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UK unis dispute practicality of reducing dependance on China

University representatives have questioned how realistic the recommendations of a recent report outlining the UK’s dependence on China for research and funding are for the sector.

ChinaChina is expected to become the UK's top research collaborator over the coming years. Photo: Unsplash

In certain key fields... collaboration with China can represent more than 30% of output

The report, released last week, highlighted financial dependence on income flows from China among UK universities and called for more oversight on research collaboration, particularly in certain key fields where collaboration with China can represent more than 30% of output.

“In the report, there is a call for recruitment diversification, but there’s simultaneously a recognition that engagement with China is clearly important to the sector as a whole,” said David Law, academic director global partnerships at Keele University, during an online Q&A on the report’s findings.

“For particular institutions, and I would include my own, the diversification suggestion is really not possible if we want to grow our recruitment from a low base to where it really ought to be. We have to have a China-first policy.”

“We have to have a China-first policy”

He further described being disturbed to see that China was not given more attention in the UK government’s international education strategy, adding that “China is relegated, in a sense, to a second tier”.

China is the important market for us. We used to have 10 years ago a much higher international population. For various reasons it’s declined.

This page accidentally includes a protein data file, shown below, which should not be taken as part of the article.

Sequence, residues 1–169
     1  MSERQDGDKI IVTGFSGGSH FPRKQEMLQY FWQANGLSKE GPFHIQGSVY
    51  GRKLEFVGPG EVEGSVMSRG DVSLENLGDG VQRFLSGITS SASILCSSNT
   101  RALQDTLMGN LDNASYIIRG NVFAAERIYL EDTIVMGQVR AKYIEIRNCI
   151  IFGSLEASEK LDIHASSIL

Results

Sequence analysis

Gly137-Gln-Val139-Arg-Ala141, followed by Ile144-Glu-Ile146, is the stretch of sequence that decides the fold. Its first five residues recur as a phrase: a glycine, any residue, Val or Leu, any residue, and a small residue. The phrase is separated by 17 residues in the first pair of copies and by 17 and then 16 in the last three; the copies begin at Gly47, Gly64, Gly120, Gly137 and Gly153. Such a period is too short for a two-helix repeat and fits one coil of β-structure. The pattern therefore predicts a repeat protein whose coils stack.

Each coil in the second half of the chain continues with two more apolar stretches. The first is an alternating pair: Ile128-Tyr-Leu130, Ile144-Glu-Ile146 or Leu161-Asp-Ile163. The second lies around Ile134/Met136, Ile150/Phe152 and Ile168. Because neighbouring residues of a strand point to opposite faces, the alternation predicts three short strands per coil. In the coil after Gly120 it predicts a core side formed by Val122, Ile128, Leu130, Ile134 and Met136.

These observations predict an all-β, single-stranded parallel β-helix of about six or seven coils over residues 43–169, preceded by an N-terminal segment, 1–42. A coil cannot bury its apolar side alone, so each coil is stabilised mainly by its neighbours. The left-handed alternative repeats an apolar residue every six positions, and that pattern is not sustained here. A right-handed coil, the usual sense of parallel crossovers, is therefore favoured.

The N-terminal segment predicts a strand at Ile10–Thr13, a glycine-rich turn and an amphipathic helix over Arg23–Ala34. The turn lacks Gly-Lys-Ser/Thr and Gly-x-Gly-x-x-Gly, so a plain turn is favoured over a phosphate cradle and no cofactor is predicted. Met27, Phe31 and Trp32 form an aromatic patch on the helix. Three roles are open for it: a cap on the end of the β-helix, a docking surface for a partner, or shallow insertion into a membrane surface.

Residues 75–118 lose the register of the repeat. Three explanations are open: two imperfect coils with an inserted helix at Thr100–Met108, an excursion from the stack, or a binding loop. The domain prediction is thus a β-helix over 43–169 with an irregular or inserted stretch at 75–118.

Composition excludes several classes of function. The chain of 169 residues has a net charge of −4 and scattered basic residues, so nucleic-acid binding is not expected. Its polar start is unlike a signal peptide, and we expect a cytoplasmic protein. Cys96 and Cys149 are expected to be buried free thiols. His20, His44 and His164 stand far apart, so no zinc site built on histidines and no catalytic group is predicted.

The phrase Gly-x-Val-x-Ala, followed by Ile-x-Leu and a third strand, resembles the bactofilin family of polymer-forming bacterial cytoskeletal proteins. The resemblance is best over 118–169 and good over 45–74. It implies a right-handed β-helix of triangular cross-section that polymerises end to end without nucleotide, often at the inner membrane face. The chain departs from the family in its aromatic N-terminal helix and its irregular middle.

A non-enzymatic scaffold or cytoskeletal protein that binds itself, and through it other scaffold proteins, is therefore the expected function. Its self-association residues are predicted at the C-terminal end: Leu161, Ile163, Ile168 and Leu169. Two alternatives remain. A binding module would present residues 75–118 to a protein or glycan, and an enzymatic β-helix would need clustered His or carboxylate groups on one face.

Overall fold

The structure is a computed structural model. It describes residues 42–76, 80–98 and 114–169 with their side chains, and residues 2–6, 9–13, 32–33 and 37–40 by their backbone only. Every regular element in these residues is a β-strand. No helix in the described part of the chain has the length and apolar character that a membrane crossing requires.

“My job is to try and restore it, and the way to restore it is, first of all, to work with Chinese universities on partnerships, to work in ways that will produce transition through to the UK.

Victoria Strudwick, international partnerships manager at the ‎University of Warwick, also critiqued the focus on the risks of engagement as not addressing the underlying causes.

There’s relatively little acknowledgement that those links have been forced out of necessity in terms of the research funding environment and marketisation of higher education in terms of student recruitment,” she said.

One of the report’s authors, Jo Johnson, responded that there are “plenty of other students from other countries around the world looking for a first class higher education”.

“Students are applying from India, Malaysia, Nigeria and so on,” he said.

“No one wants to make their institution’s future dependent on what could be a volatile source of income. That’s very poor financial management.”

“No one wants to make their institution’s future dependent on what could be a volatile source of income. That’s very poor financial management”

Fellow panellist and report author Janet Ilieva, founder and director of Education Insight, did however acknowledge the difficult of diversifying away from China, particularly in the face of an expected decline in EU students.

“China has fairly low cost of acquisition in terms of international students, whereas in other markets recruitment is much more expensive,” she said.

“It’s also fair to say that the UK has spent the past 20 years or so building significant recruitment infrastructures in China.”

Johnson also emphasised that measures to map and monitor dependencies need to be put in place as geopolitical tensions rise, pointing to events earlier in March where the Chinese Foreign Ministry announced sanctions against researchers from the UK, Sweden and Germany, as well as the Mercator Institute for China Studies, as part of tit-for-tat sanctions against the EU over human rights abuses in Xinjiang.

“[Last] week’s events, I think, really highlighted the importance of our undertaking,” Johnson said.

“And we do need to put in place plans to mitigate risk.”

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